Volts of confidence
A passing Lamborghini, Ferrari or Porsche is guaranteed to turn heads. Each new model is eagerly awaited by vehicle enthusiasts and wealthy show-offs. Strip away that which is low-slung, sporty and just plain expensive, though, and what the world is really looking forward to in vehicles is electric cars. These are not being produced by the luxury end of the market, but mass-manufacturers like General Motors, Mitsubishi and Toyota and companies with lesser-known names like Tesla, China's BYD and MyCar, which was partly developed by Hong Kong's Polytechnic University.
There is a fever-pitch rush to get all-electric cars onto roads. GM and Toyota have scheduled their offerings for mass release next year. It's all in the name of saving the planet: Being environmentally friendly is the coolest of the cool. Even publicity hungry pop stars are turning up their noses at the Ferrari 599xx, Porsche 911 GT3 and Bentley Continental Supersports to place orders for a far-from-flashy, considerably slower plug-in.
Greenhouse gas emissions from petrol- and diesel-powered vehicles are contributing to global warming. Other toxic exhausts reduce roadside air quality, leading to diseases and chronic illnesses. The more that are taken from the streets and replaced by electric-powered counterparts the better, we are being told. But step back and consider that in many nations, most electricity is produced by coal and oil; the more electric cars being driven in such locations; the greater the levels of pollutants, logic would say.
There are obviously places where electric cars bring the pollution levels down. California comes readily to mind: More than 80 per cent of the power generated for America's most populous state comes from gas or hydro-electricity. France gets almost that figure through equally clean nuclear power. But only a handful of governments have such records and some, like Australia, derive four-fifths of their electricity needs from fossil fuels.
I stumbled across a German study that came to what appears to be devastating conclusions. It found that if 49 per cent of an electric vehicle's power was derived from coal, the emissions of nitrogen and carbon dioxide would be the same as for a petrol car - although the amount of sulfur oxides would increase by a factor of 10. If 100 per cent of the electricity came from coal, electric cars would result in 150 per cent more carbon dioxide, 250 per cent more nitrogen oxides and 2,400 per cent more sulfur oxides.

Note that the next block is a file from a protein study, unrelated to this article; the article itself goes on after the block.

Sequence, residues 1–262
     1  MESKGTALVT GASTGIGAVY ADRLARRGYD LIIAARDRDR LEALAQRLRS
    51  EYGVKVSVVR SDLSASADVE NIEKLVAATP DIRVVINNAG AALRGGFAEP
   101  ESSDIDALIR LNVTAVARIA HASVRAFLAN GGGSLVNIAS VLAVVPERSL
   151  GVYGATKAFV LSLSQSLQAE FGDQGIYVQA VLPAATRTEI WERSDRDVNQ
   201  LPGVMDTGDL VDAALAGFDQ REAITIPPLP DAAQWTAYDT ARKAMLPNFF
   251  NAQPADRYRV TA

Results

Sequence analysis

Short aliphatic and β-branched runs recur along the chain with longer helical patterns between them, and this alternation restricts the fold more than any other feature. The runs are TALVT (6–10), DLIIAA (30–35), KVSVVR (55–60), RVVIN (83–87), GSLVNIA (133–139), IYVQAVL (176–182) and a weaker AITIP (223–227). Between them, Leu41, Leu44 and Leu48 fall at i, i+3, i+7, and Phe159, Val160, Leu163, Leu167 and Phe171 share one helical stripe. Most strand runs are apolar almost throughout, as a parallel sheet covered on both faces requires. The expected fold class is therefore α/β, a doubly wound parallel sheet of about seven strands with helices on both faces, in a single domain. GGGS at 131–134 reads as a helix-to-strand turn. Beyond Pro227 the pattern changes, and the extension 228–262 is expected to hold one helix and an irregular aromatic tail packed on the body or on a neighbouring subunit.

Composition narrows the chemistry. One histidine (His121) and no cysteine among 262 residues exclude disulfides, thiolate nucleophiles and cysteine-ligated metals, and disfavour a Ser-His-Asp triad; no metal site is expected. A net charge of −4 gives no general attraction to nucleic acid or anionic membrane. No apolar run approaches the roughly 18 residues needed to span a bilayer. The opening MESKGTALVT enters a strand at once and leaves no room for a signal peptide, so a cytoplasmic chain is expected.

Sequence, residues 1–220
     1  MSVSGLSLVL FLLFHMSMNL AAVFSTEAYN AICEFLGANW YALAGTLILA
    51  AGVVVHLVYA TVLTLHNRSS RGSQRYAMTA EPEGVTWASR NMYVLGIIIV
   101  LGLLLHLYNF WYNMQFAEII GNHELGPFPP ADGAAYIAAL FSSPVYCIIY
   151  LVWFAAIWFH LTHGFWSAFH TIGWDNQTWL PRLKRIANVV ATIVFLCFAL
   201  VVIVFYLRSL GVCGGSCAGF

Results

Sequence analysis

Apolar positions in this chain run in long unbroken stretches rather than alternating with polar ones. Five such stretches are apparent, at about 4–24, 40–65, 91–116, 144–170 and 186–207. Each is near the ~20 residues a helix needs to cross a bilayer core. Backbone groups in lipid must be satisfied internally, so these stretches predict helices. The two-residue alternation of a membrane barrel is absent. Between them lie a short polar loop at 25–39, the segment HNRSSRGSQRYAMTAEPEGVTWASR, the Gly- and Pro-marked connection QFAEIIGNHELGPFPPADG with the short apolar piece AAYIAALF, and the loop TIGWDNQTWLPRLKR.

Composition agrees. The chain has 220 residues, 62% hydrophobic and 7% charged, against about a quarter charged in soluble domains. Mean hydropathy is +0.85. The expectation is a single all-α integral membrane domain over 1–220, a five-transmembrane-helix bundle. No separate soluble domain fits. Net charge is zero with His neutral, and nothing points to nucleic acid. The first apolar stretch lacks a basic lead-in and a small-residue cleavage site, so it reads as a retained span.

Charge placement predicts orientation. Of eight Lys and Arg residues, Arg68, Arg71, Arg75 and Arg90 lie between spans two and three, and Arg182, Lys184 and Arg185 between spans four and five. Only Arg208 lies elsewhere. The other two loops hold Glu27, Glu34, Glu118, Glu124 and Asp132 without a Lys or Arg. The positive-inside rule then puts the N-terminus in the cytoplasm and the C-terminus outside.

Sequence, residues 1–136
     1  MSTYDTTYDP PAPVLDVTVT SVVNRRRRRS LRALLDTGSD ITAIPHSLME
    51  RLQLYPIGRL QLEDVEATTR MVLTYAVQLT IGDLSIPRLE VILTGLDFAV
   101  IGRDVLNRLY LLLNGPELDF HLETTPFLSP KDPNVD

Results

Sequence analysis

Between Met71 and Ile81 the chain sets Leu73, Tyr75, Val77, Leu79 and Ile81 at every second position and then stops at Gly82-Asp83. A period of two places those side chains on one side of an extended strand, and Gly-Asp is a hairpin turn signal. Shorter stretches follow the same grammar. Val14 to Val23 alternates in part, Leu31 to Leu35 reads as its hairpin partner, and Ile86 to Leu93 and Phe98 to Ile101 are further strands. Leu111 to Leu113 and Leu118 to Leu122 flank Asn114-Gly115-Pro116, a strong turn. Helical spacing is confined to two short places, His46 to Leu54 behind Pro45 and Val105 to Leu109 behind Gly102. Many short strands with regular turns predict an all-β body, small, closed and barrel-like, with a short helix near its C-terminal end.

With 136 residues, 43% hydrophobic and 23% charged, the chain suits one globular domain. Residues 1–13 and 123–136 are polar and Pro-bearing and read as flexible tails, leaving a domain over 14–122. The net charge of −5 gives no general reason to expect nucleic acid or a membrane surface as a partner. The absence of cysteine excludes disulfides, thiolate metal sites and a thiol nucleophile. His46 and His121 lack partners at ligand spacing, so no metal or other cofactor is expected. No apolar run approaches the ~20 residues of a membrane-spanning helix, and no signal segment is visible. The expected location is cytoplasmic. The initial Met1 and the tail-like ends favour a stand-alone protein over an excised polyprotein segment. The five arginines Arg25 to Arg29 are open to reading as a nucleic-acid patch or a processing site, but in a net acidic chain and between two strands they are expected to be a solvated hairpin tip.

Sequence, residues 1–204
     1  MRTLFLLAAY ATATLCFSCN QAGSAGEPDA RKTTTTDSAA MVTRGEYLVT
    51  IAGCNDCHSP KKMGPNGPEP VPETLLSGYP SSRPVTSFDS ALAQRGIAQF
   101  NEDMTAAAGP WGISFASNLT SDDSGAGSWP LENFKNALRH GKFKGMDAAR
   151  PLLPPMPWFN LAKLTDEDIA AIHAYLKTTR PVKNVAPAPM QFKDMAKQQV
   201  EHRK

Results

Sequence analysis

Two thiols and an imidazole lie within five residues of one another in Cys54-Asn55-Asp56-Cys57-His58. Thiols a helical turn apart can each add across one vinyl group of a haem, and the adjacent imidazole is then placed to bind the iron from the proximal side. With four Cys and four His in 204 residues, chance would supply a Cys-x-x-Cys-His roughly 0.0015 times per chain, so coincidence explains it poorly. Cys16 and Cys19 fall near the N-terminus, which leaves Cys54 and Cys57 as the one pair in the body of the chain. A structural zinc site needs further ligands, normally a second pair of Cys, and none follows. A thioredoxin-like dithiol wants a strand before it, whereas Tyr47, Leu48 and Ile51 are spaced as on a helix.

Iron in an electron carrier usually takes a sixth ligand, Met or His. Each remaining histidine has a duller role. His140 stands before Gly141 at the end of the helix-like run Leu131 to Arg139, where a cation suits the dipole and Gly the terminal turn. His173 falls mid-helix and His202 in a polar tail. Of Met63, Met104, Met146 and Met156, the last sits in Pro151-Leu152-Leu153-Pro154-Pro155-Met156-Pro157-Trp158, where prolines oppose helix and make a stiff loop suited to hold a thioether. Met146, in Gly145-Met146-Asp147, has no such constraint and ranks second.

There is much debate about the calculations. Some people argue that the maths is all but impossible. I much prefer the methods - and conclusions - of British scientist, inventor and educator David MacKay. He has done all the hard work to prove his points that electric vehicles are the future in his free online book, Sustainable Energy - Without the Hot Air.
The Cambridge University professor agreed with my assessment that generally, cars that are wholly driven on electricity make a minimal gain in emissions if coal is the energy source. But that did not defeat the purpose of their use, he said. We should instead take the long view of a future of sustainable energy. That objective is to wean ourselves off fossil fuels so that the electricity grid can be decarbonised.
Dr MacKay's maths goes like this: A standard, average fossil fuel car uses 80 kWh of energy per 100km travelled. An electric vehicle uses 20 kWh, measured at the socket, per 100km. Comparing the energy going in at the fuel tank or socket, a plug-in car is four times more efficient. A power station using fossil fuel is 35 to 40 per cent efficient, but it could be several times more so if it used hydro-electric, thermal, wind and other green means to generate energy.
With today's technology, switching to electric vehicles is only making a modest difference. But we have to agree with Dr MacKay that making the move to electric sooner rather than later starts us in the right direction. Some governments are well on the way to providing environmentally sustainable electricity. We'd do well to follow Dr MacKay's suggested target of 2050 for emission-free transport and energy generation.
Peter Kammerer is a senior writer at the Post